any NSDI data layer extends to all levels of government including tribes. Therefore, the inclusion of cadastral data as an NSDI framework layer is significant evidence that the federal government recognizes the need to coordinate parcel data from all sources, not just federal property boundaries. The committee believes that stewardship of the cadastre framework data should be handled by a national land parcel coordinator. This function is distinct from that of the federal land parcel coordinator, in that it will address the development of nationally integrated land parcel data from all land managers, whether public or private. This individual and his or her team should manage a program that integrates parcel data from all levels of government. The committee believes that such a program would address the programmatic needs of the various federal agencies. It also believes that numerous federal E-Government initiatives such as the Federal Enterprise Architecture promote and actually require such a proactive approach to intergovernmental data coordination. In other words, the committee believes that all the necessary authority and precedents already exist to implement its vision for a national program for parcel data. Furthermore, the existing U.S. Geological Survey National Map and the Geospatial One-Stop programs could facilitate the discovery, visualization, and distribution of parcel data.
The question does not appear to be whether the federal government has the need, resources, or authority to implement a national parcel data program, but rather whether it has the motivation and incentives to confront difficult institutional and financial obstacles. Therefore the debate is whether these parcel-oriented designations under OMB Circular A-16 are meaningful. In many ways the Government Accountability Office (GAO) answered the question in its 2004 report Geospatial Information: Better Coordination Needed to Identify and Reduce Duplicative Investments (GAO, 2004). This report draws the following conclusions (GAO, 2004, pp. 7-8):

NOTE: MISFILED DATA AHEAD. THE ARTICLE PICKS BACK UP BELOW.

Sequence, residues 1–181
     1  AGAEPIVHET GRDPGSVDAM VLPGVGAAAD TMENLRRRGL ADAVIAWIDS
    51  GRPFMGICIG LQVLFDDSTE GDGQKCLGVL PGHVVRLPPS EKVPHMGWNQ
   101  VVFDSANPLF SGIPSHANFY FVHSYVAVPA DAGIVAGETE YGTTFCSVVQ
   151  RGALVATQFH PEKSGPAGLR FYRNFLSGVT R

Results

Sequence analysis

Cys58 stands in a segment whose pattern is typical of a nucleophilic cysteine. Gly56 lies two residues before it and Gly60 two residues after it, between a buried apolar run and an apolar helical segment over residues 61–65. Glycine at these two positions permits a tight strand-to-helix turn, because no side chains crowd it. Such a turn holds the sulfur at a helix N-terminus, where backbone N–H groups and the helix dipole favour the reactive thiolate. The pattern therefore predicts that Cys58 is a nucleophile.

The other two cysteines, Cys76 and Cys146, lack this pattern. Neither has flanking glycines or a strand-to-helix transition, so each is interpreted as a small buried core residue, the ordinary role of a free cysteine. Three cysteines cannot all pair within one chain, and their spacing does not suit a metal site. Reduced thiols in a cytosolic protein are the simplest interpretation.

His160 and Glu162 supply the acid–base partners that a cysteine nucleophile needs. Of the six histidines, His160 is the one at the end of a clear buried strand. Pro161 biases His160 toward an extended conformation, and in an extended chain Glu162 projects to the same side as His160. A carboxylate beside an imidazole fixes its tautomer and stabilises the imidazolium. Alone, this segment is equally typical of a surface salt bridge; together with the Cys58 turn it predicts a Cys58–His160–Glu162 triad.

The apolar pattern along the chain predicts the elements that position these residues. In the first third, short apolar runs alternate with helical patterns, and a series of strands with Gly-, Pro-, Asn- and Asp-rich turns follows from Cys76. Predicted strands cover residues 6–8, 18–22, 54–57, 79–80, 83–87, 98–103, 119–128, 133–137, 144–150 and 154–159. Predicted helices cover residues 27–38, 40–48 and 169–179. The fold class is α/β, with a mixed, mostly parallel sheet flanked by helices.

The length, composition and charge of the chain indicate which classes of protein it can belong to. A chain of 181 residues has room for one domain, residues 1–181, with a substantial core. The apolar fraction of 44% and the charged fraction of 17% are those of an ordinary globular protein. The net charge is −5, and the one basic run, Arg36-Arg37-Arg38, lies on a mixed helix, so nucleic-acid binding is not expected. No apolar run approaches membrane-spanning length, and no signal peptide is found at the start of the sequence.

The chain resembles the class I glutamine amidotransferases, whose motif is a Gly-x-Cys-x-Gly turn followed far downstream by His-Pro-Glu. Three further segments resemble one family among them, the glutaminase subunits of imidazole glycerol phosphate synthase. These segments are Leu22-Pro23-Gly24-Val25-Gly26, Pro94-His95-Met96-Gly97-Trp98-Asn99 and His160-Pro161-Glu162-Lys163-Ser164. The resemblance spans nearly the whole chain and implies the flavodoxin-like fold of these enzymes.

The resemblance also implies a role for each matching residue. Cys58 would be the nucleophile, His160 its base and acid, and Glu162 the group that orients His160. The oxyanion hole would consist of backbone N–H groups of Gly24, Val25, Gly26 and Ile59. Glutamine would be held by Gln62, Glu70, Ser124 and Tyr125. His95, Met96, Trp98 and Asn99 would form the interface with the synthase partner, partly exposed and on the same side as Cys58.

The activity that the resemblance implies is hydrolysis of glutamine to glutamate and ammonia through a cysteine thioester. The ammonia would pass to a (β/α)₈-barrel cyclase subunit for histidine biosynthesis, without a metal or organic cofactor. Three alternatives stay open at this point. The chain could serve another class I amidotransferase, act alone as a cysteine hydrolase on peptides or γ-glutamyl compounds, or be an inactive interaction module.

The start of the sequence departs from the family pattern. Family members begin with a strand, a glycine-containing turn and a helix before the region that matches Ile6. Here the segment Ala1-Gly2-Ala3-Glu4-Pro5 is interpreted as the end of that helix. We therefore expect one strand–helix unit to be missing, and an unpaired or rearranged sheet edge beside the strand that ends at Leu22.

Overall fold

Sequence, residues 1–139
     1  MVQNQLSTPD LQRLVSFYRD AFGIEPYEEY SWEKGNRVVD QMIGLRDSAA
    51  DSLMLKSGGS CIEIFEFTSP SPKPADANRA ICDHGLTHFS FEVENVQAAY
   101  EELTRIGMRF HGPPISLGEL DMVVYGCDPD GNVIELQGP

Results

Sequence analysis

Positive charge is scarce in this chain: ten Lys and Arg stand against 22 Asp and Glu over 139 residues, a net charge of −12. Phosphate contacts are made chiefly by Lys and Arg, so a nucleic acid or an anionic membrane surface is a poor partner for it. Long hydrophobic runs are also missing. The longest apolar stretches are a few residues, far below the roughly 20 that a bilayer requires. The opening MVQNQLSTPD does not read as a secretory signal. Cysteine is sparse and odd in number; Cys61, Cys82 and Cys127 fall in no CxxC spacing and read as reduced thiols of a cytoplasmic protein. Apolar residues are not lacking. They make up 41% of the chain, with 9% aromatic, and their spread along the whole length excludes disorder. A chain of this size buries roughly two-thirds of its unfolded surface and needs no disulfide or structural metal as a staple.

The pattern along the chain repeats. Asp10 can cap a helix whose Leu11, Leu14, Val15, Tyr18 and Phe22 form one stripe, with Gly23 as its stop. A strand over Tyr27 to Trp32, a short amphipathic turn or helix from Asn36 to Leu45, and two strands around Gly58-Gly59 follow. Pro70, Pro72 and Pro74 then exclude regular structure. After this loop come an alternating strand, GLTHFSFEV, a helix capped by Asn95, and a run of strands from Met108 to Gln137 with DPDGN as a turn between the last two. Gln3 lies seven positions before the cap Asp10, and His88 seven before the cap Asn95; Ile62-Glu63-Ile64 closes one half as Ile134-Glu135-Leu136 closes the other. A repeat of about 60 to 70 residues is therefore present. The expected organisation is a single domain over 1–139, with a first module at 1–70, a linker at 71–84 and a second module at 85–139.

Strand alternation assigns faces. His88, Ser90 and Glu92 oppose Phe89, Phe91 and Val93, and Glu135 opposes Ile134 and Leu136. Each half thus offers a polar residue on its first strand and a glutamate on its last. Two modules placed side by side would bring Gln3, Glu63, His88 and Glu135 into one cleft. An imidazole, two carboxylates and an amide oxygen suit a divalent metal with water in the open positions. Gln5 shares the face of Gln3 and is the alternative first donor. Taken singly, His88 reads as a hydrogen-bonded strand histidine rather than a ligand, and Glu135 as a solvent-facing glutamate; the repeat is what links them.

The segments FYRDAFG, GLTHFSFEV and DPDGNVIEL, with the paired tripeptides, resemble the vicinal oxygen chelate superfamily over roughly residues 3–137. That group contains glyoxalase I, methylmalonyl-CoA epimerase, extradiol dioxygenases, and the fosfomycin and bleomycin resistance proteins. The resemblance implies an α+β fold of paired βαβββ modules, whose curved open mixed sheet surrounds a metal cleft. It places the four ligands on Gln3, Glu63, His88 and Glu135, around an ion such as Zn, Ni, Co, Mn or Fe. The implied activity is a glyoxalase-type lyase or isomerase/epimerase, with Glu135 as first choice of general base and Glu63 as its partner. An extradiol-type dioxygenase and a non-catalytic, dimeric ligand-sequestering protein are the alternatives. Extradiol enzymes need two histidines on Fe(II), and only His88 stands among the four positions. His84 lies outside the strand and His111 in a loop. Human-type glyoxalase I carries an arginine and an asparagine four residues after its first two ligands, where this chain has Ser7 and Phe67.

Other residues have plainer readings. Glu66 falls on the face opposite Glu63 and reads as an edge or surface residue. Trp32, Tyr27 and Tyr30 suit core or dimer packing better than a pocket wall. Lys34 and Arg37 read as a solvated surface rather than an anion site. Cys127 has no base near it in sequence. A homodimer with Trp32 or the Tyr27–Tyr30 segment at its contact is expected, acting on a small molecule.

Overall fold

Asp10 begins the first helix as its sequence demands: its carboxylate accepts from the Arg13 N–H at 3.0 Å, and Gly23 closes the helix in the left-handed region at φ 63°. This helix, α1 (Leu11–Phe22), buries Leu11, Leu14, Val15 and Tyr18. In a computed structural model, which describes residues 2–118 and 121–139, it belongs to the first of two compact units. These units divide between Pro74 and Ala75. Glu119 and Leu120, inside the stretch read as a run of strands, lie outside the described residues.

OMB, cross-government committees, and individual federal agencies have taken actions to coordinate geospatial investments across agencies and with state and local governments. However, these efforts have not been fully successful for several reasons:
A complete and up-to-date strategic plan is missing. The existing strategic plan for coordinating national geospatial resources and activities is out of date and lacks specific measures for identifying and reducing redundancies.
Federal agencies are not consistently complying with OMB direction to coordinate their investments.
OMB’s oversight methods have not been effective in identifying or eliminating instances of duplication. This has resulted from OMB not collecting consistent, key investment information from all agencies. Consequently, agencies continue to independently acquire and maintain potentially duplicative systems. This costly practice is likely to continue unless coordination is significantly improved.
Federal response in the aftermath of hurricane events demonstrates that federal funds are being spent for parcel data without proper coordination. Therefore, the committee agrees with the general analysis of the GAO that Circular A-16 is not being fully implemented and believes that the issues relating to parcel data are further exacerbated by the lack of clout or incentives to deal with difficult intergovernmental relationships.
In order to move forward with a national vision for parcel data it is essential to establish clear and unambiguous authority within the federal bureaucracy. The proper starting place would be to analyze the existing OMB A-16, FGDC, and NSDI related documents that appear to have designated the Bureau of Land Management (BLM) to be both the federal and the national land parcel coordinators. Furthermore, there is considerable evidence that BLM has been performing many of the tasks associated with these roles. For example, it has fostered the development of an accepted standard for parcel data, surveyed the current status of parcel data, and identified best practices. It has also spearheaded the effort to create the National Integrated Land System and the Geographic Coordinate Data Base.